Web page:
The Sunshine State is one of the most appealing places to own a vacation rental property. Throughout the year, your rental will attract snowbirds and beach bums in search of warmer weather. In fact, the average occupancy rates for Florida vacation homes are nearly 90%. But whether you already own a vacation rental property in Florida or you’ve considered investing in those kinds of assets, there are some things you need to keep in mind.
Florida has many lovely locations, and Jacksonville is no exception. Your Jacksonville real estate agent will inform you of some of the things you need to know. But no matter where you invest, these seven tips will serve you across the state. We’ve compiled a list of important things you need to know as you navigate Florida’s real estate and short-term licensing rules.
Table of Contents
- 1. What can you regard as a vacation rental in Florida?
- 2. What kind of permits do you need to run a Florida vacation rental property?
- 3. What kinds of taxes are vacation rental owners required to pay?
- 4. How do you maintain a Florida vacation rental property?
- 5. How do you avoid penalties as a vacation property owner?
- 6. When do I need to renew my license?
- 7. Is it a good investment to own a vacation rental property in Florida?
According to the law in the state of Florida, a vacation rental can be defined as a unit or group of units that serve as a residential rental property that’s open to the public. However, this excludes timeshares, hotels, resorts, and inns. If the property meets these criteria, it can legally operate as a vacation rental. And you aren’t limited to just one. In fact, you can own multiple vacation rental properties in Florida, and you will be able to make profits from all of them.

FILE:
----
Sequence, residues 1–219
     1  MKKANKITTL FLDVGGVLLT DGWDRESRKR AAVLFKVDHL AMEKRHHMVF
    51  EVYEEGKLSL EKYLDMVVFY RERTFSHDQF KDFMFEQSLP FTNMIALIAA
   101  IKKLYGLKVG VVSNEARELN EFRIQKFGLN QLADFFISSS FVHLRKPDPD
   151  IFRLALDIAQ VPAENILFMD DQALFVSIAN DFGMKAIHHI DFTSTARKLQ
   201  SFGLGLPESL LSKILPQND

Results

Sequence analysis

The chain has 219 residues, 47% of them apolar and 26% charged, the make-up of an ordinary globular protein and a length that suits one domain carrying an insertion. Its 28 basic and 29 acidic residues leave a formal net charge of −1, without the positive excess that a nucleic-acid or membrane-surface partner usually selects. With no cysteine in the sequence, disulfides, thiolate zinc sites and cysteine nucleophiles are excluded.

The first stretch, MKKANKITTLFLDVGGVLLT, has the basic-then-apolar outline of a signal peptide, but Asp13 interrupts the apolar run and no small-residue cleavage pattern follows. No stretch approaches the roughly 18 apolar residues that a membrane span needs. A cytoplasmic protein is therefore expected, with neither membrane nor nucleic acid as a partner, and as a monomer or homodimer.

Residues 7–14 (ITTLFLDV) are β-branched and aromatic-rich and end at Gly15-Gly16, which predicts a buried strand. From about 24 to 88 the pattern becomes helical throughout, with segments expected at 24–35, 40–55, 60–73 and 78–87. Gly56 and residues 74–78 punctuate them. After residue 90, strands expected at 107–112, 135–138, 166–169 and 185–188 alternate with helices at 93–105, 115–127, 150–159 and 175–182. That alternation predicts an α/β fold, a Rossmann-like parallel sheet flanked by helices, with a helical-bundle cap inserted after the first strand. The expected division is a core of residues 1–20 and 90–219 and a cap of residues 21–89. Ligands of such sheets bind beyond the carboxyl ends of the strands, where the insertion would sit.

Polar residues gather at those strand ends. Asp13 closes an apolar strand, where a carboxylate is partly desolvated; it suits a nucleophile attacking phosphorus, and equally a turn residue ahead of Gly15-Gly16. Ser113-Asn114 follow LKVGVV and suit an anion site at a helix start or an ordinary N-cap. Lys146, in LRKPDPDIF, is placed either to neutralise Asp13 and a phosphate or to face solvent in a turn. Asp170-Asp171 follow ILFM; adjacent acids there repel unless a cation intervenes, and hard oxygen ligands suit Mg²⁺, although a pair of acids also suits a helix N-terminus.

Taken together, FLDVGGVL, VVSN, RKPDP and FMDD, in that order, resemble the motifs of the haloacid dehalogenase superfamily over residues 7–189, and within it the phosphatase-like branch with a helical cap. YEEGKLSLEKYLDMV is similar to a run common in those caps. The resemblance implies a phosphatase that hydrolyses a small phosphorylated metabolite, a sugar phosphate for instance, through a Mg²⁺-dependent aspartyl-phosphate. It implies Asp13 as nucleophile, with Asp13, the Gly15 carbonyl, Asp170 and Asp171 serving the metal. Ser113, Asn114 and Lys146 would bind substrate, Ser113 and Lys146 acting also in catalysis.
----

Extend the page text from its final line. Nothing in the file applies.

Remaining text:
The first thing to note is that Florida mandates that any vacation rental must have a recent license from the Florida Department of Business and Professional Regulation (DBPR). These can be obtained by the property owner or the realtors in Florida.
These licenses are often transient and are issued based on the following;
- Vacation Rental (Condominium) – The license will be given to a unit or collection of units in a condo.
- Vacation Rental (Dwelling) – Single-family houses, townhouses, or units in a building that have four or fewer units altogether.
- Single license – This is given to a single-family house or unit that belongs to one person or group that is not a licensed agent.
- Group license – This one goes to a licensed agent to take care of a group of units or buildings.
- Collective license – This is given to a licensed agent standing for a group of units or buildings at different places. It has a limit of 75 units and can only be given to counties in the same district.
Those who stay at short-term vacation rentals in Florida have to pay some taxes alongside their reservation fees. The owner of the property or the listing company will then pay these taxes.
At the moment, a 6% state sales tax is charged by the state of Florida. There are districts in Florida that have their own tax requirements on rental accommodations, including the tourist development tax (TDT). Some of these taxes are remitted to the county, but they are all reported and recorded at the Department of Revenue.